Christopher Metzger, M.F.A., Assistant Professor of Graphic Design, published an essay in Public Art Dialogue on “Public Art as Political Action.” The essay is accompanied by his photo work, including the front and back covers for the journal.

Christine Moran, Ph.D., Assistant Vice President of Student Success, was selected by the IMPACT Conference as the John Sarvey Administrator of the Year for her work with service-learning, civic engagement, and student success.

Monibo Sam, Ph.D., Associate Professor of Sociology, published the article “Maintaining links with the homeland through marriage and naming: An exploratory study among Nigerian immigrants in the US” in African Diaspora, an international peer-reviewed journal.

Kim Tucker, Ph.D., Director of the Center for Environmental Stewardship and Associate Professor of Biological Sciences, was awarded the Chesapeake Bay Trust’s Educator of the Year Award. The award includes a $2,500 grant and honors a Maryland educator who has shown outstanding commitment to environmental education, conducts outdoor field experiences, motivates and inspires students on environmental awareness, and serves as a respected resource to colleagues and community leaders. She also received a $24,860 grant as part from the Lyme Disease Research Foundation. The grant will provide funding for student research on Lyme and other tick-borne diseases found in Maryland.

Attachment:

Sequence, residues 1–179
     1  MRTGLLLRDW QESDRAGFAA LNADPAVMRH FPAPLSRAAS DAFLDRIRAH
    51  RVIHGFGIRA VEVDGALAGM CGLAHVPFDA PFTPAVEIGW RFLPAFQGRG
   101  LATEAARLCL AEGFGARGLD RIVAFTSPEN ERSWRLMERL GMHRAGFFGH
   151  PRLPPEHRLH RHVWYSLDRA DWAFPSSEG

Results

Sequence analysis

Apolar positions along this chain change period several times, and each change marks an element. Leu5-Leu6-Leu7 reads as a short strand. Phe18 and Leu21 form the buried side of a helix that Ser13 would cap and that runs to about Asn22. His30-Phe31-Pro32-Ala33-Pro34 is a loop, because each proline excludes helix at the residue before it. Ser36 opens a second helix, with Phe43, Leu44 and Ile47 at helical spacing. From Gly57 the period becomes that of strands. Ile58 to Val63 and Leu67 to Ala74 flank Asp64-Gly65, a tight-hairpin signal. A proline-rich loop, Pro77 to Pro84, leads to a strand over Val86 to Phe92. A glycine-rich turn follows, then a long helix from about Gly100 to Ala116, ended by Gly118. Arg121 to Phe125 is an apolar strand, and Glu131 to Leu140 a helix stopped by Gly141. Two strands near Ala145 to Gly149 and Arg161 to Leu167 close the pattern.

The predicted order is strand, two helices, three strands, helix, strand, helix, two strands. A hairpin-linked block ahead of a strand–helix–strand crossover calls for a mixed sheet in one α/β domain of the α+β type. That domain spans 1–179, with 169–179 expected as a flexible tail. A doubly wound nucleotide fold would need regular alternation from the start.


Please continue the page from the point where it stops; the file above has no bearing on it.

Congratulations to Maria Wong, Ph.D., Associate Professor of Psychology, and Vivi-Anne Griffey, MLS(ASCP)CM, Program Coordinator and Adjunct Professor of Medical Laboratory Science, who are the 2019 recipients of the Rose Dawson Excellence in Teaching Award. The awards are presented annually to recognize two exceptional Stevenson faculty members, one full-time and one part-time, who exemplify the art of teaching as mentors and as scholars. The awards were presented on May 28.